Ken Stone by Steve Douglas
You must have a great deal of patience to be an editor. There is not a one of use who has not said to their companions," I'm just finishing this up, will be there in 15 minutes tops.", only to find themselves still at work in the editing bay 4 hours later. Heck, once you're in the zone you just can't leave. Even more so, you must have the patience of a bona vide saint to be a Rotoscoper. In the past, when rotoscoping any moving object out of its background environment, it took several hours, days or even weeks to mask the subject frame by moving frame just to get a small clip, and then there was even more time spent refining that matte.
Prior to the release to the public of Adobe's CS5 suites, I was able to view and review many of the exciting new features now available in most of the Adobe applications, but none excited me more than to see the After Effects Roto Brush in action and to see just how easy and relatively quick it worked. Of course, much of the speed can be accredited to Adobe's 64bit Mercury engine, the NVIDIA graphics card and as much RAM as you have available for as many cores as your computer contains, however, the process of rotoscoping your foreground and background subjects is no longer a lifetime endeavor.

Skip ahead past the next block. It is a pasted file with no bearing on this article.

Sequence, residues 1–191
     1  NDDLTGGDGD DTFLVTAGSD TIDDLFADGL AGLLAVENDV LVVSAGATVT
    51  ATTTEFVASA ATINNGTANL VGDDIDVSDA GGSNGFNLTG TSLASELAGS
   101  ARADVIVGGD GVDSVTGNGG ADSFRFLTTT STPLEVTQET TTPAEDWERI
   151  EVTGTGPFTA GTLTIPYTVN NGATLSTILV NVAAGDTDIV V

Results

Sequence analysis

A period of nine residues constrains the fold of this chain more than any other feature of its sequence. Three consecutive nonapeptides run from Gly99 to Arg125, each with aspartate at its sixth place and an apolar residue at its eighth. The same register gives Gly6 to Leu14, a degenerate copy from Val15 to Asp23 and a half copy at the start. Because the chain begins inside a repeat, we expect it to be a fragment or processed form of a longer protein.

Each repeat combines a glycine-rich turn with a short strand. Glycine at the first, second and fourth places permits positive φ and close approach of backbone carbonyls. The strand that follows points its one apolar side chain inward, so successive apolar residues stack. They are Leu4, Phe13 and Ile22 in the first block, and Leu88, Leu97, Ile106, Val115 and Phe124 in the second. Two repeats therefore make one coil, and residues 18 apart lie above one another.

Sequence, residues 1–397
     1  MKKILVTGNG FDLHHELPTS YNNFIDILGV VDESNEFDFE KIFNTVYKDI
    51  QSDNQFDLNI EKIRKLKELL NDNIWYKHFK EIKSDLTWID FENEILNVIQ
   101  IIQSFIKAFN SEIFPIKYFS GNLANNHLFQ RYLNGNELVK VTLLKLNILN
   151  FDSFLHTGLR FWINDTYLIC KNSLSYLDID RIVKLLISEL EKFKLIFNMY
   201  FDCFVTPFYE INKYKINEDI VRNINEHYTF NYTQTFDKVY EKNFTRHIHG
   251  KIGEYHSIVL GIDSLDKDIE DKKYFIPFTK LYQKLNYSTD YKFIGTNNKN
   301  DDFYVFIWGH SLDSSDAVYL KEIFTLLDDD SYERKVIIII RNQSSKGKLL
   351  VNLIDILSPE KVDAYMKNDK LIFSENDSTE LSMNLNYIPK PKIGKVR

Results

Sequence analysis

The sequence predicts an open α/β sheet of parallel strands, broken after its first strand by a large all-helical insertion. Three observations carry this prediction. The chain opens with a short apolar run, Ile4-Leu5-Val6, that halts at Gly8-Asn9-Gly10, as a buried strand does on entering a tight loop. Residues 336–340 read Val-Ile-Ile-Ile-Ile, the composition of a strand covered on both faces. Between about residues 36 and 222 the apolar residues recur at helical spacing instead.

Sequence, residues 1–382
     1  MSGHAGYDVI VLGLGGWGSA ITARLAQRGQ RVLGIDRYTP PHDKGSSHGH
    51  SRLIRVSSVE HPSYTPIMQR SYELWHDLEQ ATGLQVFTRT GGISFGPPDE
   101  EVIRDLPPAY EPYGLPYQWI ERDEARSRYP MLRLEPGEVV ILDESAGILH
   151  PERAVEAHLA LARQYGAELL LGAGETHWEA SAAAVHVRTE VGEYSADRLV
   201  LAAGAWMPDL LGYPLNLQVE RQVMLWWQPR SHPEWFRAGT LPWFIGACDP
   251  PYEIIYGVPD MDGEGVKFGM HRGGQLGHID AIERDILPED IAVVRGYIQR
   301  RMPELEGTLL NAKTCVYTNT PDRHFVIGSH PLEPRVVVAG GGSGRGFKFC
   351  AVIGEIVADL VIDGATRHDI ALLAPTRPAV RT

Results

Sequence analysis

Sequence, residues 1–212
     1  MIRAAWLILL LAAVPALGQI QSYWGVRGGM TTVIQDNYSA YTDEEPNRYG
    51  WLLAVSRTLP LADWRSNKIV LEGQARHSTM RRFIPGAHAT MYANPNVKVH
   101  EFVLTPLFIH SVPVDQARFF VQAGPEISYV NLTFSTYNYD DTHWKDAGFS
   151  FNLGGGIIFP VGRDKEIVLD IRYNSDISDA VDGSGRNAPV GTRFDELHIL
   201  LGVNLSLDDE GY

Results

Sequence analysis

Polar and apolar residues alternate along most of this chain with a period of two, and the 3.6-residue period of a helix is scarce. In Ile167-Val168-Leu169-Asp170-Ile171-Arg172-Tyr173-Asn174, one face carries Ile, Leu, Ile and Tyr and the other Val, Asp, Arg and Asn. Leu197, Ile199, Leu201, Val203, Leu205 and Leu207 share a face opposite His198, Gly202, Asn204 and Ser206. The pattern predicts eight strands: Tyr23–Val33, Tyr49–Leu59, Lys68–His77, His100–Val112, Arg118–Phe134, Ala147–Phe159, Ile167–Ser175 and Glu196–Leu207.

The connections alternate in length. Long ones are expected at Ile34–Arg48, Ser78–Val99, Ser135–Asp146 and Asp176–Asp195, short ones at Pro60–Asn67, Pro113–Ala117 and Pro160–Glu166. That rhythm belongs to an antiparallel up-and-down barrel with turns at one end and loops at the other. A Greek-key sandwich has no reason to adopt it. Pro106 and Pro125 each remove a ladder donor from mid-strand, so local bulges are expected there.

Very similar to Photoshop's Quick Selection tool, the Roto Brush in After Effects CS5 will save you an enormous amount of time in post production. Let's get started and see how this tool will work its magic.
Initially you create a new composition as you would for any After Effects project. I try to make it a habit to make sure that my comp settings are the same as the footage I am importing. read more...